Eagle River grad makes national scholarship competition

Saturday, July 8, 2017 - 12:00
  • Courtesy photo Elle Adkins, a 2017 Eagle River High School graduate and the 2017 Distinguished Young Woman of Alaska. Elle Adkins, a 2017 Eagle River High School graduate and participant in the Distinguished Young Women national scholarship program. (Courtesy photo)

A month after earning her diploma, Eagle River High School graduate Elle Adkins packed her bags and headed south to represent her hometown on a national stage.

One of 51 competitors in the prestigious Distinguished Young Women scholarship competition, Adkins is preparing to make her bid for the program’s many scholarships during the upcoming finals in Mobile, Alabama. Nationwide, the Distinguished Young Women program makes available more than $1.1 billion worth of scholarships, promoting the message “Be Your Best Self” and evaluating participants in matters of scholarship, talent, fitness, self-expression and interview skills.

“It’s all about empowering women,” Adkins said.

It runs in the family. Her mother, Holly (Salo) Adkins, was Miss Alaska in 1990. The younger Adkins — who was also named Miss Alaska’s Outstanding Teen in 2015 — said her mother played an important role in helping her prepare for the trip to Alabama.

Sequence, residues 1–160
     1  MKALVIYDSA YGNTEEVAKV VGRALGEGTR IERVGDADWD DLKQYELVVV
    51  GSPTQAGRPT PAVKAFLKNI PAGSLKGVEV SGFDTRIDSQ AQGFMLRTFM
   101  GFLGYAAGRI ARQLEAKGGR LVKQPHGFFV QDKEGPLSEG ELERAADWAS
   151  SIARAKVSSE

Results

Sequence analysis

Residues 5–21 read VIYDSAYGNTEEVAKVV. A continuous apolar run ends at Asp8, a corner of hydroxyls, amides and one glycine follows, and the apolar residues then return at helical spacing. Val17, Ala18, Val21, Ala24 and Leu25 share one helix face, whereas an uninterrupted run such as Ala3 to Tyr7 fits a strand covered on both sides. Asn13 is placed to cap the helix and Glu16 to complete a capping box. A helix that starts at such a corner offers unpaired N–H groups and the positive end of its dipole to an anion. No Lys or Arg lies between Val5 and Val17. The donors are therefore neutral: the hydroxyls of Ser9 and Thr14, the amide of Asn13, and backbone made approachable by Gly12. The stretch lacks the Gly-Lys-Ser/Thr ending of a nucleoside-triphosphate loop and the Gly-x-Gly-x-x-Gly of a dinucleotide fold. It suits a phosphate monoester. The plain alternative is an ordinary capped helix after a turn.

To make it to the finals, the former ERHS cheer team captain and student government secretary was first named as the Distinguished Young Woman of Alaska. She’ll face the national competition in Mobile June 29-July 1. In the weeks prior, she’ll join her fellow competitors in community service projects throughout area.

“The city of Mobile is so incredibly welcoming, we just want to give back to the community as much as possible,” she said by phone from Alabama Monday afternoon.

At the end of the day, she said, she hopes to walk away with a few of the scholarships offered at the annual competition. Adkins said she plans on beginning her college career at the University of Alaska Anchorage, then eventually transferring to Vanderbilt University; studying biological sciences on a pre-med track. Distinguished Young Women could help her get there, she said.

Of course, the Alabama competition comes with other perks, too, Adkins said.

“I’ve got to experience southern hospitality, which is great,” she said.

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